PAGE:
Colliers Wood

Colliers Wood, Merton

A former industrial village now hemmed in by Merton and Tooting Graveney

Christchurch Road - Colliers Wood - geograph-2828323-by-Peter-Trimming

Col­liers Wood was first record­ed in 1632 and the name refers to char­coal-burn­ers not min­ers (as is also the case with Col­lier Row, across the oth­er side of Lon­don).

From 1755 a toll­gate stood on the Mer­ton Road (now High Street Col­liers Wood) on the site of the present sta­tion, which gave rise to the alter­na­tive vil­lage name of Sin­gle­gate. Col­liers Wood House, which had been home to Eliz­a­bethan and lat­er nota­bles, was rebuilt around 1780.

By the ear­ly 19th cen­tu­ry mills beside the Riv­er Wan­dle were switch­ing from grind­ing corn to print­ing tex­tiles, an indus­try that soon employed the bulk of the local labour force. In 1851 only a twen­ti­eth of the pop­u­la­tion worked in agri­cul­ture, a remark­ably low pro­por­tion for such an out-of-the-way place.

In the 1870s the 40-acre grounds of Col­liers Wood House began to suc­cumb to spec­u­la­tive build­ing, at first in the direc­tion of Toot­ing, then towards Mer­ton. The toll­gate was tak­en down and the first shops, a school and Christ Church were built. Col­liers Wood House was demol­ished in 1904; its site is now occu­pied by the low num­bers of Clive Road and War­ren Road.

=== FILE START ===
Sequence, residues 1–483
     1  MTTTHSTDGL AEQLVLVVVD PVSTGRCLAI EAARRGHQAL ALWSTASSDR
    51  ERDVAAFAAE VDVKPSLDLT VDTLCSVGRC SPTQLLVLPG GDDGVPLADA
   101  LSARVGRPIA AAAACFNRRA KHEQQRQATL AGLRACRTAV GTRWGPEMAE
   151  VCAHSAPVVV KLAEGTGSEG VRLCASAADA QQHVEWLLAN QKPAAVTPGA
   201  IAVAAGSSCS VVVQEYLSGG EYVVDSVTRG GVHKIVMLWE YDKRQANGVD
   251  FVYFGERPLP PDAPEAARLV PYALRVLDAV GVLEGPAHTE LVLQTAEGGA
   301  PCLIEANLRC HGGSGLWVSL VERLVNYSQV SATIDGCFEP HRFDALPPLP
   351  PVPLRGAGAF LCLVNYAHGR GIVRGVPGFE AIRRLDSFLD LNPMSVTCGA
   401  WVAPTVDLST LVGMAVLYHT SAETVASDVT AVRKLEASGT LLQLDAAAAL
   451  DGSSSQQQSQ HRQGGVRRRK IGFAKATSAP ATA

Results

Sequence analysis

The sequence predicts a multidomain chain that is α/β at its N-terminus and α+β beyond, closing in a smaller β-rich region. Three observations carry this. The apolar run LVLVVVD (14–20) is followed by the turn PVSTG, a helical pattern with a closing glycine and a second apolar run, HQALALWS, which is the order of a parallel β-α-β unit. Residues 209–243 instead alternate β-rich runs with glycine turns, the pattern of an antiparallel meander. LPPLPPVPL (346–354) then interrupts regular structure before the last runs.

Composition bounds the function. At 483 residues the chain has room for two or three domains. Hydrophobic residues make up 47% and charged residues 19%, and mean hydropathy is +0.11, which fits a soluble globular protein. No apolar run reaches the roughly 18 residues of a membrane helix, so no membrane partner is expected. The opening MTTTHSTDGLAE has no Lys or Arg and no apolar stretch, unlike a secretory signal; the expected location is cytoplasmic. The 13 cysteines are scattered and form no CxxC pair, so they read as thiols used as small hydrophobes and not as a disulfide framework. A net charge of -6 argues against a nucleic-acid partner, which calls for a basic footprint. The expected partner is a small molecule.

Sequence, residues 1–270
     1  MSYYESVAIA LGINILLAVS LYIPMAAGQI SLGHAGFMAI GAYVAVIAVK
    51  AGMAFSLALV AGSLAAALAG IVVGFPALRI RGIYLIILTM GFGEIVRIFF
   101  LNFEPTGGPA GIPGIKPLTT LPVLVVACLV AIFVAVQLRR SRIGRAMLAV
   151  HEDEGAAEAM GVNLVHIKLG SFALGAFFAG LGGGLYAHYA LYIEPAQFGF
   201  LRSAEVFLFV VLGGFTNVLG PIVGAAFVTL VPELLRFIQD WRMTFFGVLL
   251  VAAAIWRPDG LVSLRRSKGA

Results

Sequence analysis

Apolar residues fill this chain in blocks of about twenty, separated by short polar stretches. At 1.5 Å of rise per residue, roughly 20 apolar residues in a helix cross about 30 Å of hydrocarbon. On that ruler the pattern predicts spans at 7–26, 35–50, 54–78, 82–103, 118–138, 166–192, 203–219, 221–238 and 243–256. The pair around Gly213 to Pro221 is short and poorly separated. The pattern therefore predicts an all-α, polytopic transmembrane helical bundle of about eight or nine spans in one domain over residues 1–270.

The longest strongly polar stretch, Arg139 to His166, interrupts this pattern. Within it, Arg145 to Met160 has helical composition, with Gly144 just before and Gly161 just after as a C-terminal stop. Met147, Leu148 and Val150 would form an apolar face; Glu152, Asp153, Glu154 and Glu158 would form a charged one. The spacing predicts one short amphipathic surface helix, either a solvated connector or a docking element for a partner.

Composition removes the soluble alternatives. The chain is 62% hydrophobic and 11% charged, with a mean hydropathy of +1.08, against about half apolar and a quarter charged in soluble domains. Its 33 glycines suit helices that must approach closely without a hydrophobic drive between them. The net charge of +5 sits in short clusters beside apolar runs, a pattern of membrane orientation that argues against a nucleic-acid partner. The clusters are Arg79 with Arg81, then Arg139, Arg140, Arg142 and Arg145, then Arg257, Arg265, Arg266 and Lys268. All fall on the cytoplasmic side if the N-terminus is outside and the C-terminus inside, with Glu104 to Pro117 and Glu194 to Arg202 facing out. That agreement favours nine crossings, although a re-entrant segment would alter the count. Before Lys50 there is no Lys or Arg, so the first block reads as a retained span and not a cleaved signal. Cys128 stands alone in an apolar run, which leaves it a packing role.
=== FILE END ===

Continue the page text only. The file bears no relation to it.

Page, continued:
Colliers Wood station
Col­liers Wood sta­tion*

A tram ser­vice began in 1907 and streets of ter­raced hous­es were laid out on land belong­ing to Emmanuel Col­lege, Cam­bridge.

Builders squeezed in a last few peb­ble-dashed and mock-Tudor prop­er­ties after the North­ern line (as it is now called) was extend­ed here in 1926. The sta­tion was designed by Charles Hold­en, whose name now adorns the pub oppo­site.

Sub­se­quent addi­tions includ­ed coun­cil flats, a 19-storey office tow­er and a Sava­cen­tre that was said to be the largest hyper­mar­ket in Europe and has since been divid­ed into a Sains­bury’s and a Marks and Spencer (locat­ed near the bot­tom left cor­ner of the map below).

Col­liers Wood saw a flur­ry of house­build­ing in the ear­ly 21st cen­tu­ry, part­ly because Tooting’s grow­ing pop­u­lar­i­ty increased the desir­abil­i­ty of neigh­bour­ing, more afford­able local­i­ties.

After stand­ing emp­ty for sev­er­al years, the wide­ly derid­ed tow­er is like­ly to be giv­en a facelift and con­vert­ed to res­i­den­tial use, pos­si­bly accom­pa­nied by a new, slight­ly short­er block next door.

At the 2011 cen­sus 38 per cent of Col­liers Wood’s res­i­dents were white British and 18 per cent were of South Asian her­itage. A rel­a­tive­ly high pro­por­tion of res­i­dents are in their twen­ties and liv­ing in pri­vate­ly rent­ed accom­mo­da­tion.

Postal district: SW19
Population: 10,712 (2011 census)
Station: Northern line (zone 3)
Websites: Colliers Wood Residents’ Association, Making Colliers Wood Happy

 

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* The picture of Christchurch Road is adapted from an original photograph, copyright Peter Trimming, at Geograph Britain and Ireland, made available under the Attribution-ShareAlike 2.0 Generic Licence. The picture of Colliers Wood station is adapted from an original photograph, copyright Sunil Prasannan, at Wikimedia Commons, made available under the Attribution-Share Alike 3.0 Unported licence. Any subsequent reuse of either image is freely permitted under the terms of those licences.